Conceptually, most banking executives have a pretty good understanding of their bank’s culture. At least conceptually! Maybe you’d describe your bank’s culture as feeling very much like a “family” where employees care for each other and have each other’s backs. Often, I’ll have banking executives refer to their bank’s culture as a “community bank culture” and while these are both accurate descriptions, they’re also very limited descriptions of their bank’s culture.

Authors of Diagnosing and Changing Organizational Culture, Kim S. Cameron and Robert Quinn have this to say about what truly forms an organization’s culture: “The reason organizational culture was ignored as an important factor in accounting for organizational performance is that it refers to the taken-for-granted values, underlying assumptions, expectations, collective memories, and definitions present in an organization.  It represents “how things are around here.  It reflects the prevailing ideology that people carry inside their heads.  It conveys a sense of identity to employees, provides unwritten, and often, unspoken guidelines for how to get along in the organization, and enhances the stability of the social system that they experience.”

The truth is, most of what actually forms a bank’s culture is taken-for-granted assumptions, unwritten and often unspoken guidelines for shaping employee behaviors. Wow! In such a highly-commoditized industry like banking, why would you ever allow one of the rare things that do differentiate one bank from another to be left in such a conceptual framework of understanding?

Starbucks Culture Is Very Clearly Defined

How is it that we can go into a Starbucks in any state — be it in a hotel lobby, airport or retail shopping center — and have the identical customer experience? How did they do that? Certainly, wasn’t luck! The reality is that Starbucks culture was designed and built over time to align with the founder’s vision for the brand. The culture is exactly the type of culture needed to attract and retain Starbucks loyal customers. It’s also the culture needed to differentiate Starbucks from its competitors.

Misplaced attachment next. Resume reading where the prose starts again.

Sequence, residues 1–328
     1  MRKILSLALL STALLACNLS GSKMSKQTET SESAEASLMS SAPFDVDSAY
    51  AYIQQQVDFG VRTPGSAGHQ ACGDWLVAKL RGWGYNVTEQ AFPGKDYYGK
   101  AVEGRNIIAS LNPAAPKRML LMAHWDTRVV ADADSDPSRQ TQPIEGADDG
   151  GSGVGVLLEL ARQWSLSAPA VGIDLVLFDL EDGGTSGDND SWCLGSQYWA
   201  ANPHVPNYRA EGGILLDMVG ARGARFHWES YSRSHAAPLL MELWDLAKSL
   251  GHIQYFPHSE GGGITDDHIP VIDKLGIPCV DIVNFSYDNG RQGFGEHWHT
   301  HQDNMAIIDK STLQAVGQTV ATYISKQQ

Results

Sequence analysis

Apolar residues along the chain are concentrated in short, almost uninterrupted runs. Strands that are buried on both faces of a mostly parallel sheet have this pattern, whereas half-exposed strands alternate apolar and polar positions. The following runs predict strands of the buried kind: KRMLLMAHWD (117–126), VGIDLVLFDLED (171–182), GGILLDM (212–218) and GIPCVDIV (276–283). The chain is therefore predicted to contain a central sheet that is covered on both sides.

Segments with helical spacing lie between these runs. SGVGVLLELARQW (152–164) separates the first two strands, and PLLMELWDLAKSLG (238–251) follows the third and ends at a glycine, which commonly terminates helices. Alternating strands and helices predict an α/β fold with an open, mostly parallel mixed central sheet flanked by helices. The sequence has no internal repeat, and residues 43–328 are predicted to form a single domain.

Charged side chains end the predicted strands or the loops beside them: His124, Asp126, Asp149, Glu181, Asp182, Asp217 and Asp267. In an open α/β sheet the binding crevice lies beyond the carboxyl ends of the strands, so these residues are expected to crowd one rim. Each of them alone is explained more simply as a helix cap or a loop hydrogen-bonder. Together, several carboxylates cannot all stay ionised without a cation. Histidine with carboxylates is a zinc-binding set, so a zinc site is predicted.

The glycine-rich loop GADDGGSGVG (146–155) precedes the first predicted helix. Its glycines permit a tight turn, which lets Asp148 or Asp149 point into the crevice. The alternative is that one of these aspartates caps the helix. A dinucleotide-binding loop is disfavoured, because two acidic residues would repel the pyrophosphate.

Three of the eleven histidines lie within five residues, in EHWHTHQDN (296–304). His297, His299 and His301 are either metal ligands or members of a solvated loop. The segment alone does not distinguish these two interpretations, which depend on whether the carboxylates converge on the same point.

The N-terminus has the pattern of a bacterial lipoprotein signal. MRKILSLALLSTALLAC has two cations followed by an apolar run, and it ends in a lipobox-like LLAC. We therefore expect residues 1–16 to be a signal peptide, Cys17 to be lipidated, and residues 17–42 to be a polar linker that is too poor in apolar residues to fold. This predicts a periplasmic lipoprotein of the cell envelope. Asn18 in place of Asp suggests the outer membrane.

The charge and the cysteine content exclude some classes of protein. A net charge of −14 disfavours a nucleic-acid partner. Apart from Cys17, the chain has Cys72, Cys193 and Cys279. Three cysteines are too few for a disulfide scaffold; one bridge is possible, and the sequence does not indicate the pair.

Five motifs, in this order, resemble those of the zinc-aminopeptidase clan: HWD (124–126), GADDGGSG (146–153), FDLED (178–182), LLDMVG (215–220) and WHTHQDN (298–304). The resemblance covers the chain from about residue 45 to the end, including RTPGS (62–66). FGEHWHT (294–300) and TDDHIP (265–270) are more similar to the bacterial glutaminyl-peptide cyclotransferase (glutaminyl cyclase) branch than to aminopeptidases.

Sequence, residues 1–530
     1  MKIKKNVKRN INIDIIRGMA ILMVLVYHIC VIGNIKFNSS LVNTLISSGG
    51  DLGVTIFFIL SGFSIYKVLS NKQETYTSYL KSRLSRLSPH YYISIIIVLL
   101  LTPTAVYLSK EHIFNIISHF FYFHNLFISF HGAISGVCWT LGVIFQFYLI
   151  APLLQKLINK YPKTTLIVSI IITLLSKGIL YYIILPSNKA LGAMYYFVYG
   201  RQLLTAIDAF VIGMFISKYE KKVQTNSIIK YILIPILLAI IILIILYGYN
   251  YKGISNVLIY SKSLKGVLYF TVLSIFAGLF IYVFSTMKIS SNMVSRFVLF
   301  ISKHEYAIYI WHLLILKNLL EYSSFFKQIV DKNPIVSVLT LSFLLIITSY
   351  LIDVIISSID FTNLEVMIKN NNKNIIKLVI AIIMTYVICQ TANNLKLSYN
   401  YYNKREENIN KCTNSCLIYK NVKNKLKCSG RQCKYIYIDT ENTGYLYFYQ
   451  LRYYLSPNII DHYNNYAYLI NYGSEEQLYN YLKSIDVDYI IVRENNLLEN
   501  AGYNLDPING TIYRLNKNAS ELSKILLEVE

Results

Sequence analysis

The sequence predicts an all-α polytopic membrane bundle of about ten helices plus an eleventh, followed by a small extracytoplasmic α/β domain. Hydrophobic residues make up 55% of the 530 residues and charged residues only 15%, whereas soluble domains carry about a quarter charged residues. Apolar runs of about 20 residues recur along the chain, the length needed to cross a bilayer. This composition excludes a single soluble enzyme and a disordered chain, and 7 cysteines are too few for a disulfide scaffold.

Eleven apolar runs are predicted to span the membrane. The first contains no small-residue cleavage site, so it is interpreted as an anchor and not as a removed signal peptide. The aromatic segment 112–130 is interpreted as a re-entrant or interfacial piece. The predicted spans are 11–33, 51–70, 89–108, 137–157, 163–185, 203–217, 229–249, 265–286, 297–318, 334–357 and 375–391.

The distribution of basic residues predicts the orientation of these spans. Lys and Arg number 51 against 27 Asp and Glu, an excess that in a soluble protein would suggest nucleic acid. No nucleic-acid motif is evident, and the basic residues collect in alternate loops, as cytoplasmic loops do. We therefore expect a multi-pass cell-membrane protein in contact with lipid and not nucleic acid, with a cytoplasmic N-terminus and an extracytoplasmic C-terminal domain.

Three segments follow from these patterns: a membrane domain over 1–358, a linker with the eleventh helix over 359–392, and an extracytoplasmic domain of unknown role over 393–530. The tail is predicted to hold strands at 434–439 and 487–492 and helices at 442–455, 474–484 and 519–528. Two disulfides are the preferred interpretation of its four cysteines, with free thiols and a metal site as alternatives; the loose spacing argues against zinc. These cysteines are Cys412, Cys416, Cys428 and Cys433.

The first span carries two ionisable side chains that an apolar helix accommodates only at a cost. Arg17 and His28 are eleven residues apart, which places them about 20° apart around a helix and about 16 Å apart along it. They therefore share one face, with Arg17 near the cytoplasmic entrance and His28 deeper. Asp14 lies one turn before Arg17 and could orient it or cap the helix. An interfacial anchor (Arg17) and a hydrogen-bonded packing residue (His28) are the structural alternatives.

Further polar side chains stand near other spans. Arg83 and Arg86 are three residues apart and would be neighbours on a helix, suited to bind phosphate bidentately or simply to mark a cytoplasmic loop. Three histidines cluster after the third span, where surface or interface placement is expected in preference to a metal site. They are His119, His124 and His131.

Many executives don’t have the depth of understanding about what actually forms an organization’s culture. They also don’t realize there are four distinctly different types of cultures that exist in companies today:

The Clan Culture: This is a very family-like culture.

The Hierarchy Culture: This is a traditional corporate culture.

The Market Culture: This is a culture able to respond to changing market conditions.

The Adhocracy Culture: This is a culture that supports innovation.

Within each of these four types of cultures, there are a number of distinctly different behaviors. Every bank has employee behaviors that fall within each of these four different types of cultures.

Culture Trumps Strategy Every Time!

The fact is any competitor in your market can easily and quickly replicate your product mix and marketing strategies. So that’s not going to give you a competitive advantage. Clearly, service levels do differ among banks however the fact that three out of four bankers refer to themselves as “a relationship bank” only serves to further commoditize the industry.

One of the few things your competitors can’t readily replicate is your culture! That alone makes it something worth serious attention. The following are a couple examples of how we’ve helped banks define their current and ideal cultures. Once these have been defined, a bank has a clear roadmap of how the organization needs to evolve. On-boarding, performance management, and incentive compensation structures can all be evolved to help a bank preserve the part of their culture that has gotten them to their current level of success while making the changes needed to better ensure the bank’s success in the future. The same holds true for banks acquiring or merging.

Well-known brands like Disney, Southwest Airlines, Harley Davidson, Ritz Carlton and Starbucks know exactly how important their cultures are to their positioning in the market and their ability to attract and retain loyal customers.

Isn’t it time banks start taking steps to define and align their cultures too?
 

Leveraging Your Expertise

In November’s edition of The Evolutionary Banker, I addressed a few trends that are changing the ways in which business owners and corporate decision-makers are making buy decisions. It’s imperative we understand these trends so we can adapt accordingly. One of the takeaways from November’s blog was that decision-makers are looking for their vendors and service providers to have more knowledge and expertise in their industry and with their types of businesses. The value proposition of today’s “generalist” salesperson continues to decline. The same holds true for the generalist relationship manager. Having a little knowledge about a lot of industries practically ensures you’ll position yourself as a commodity in the market.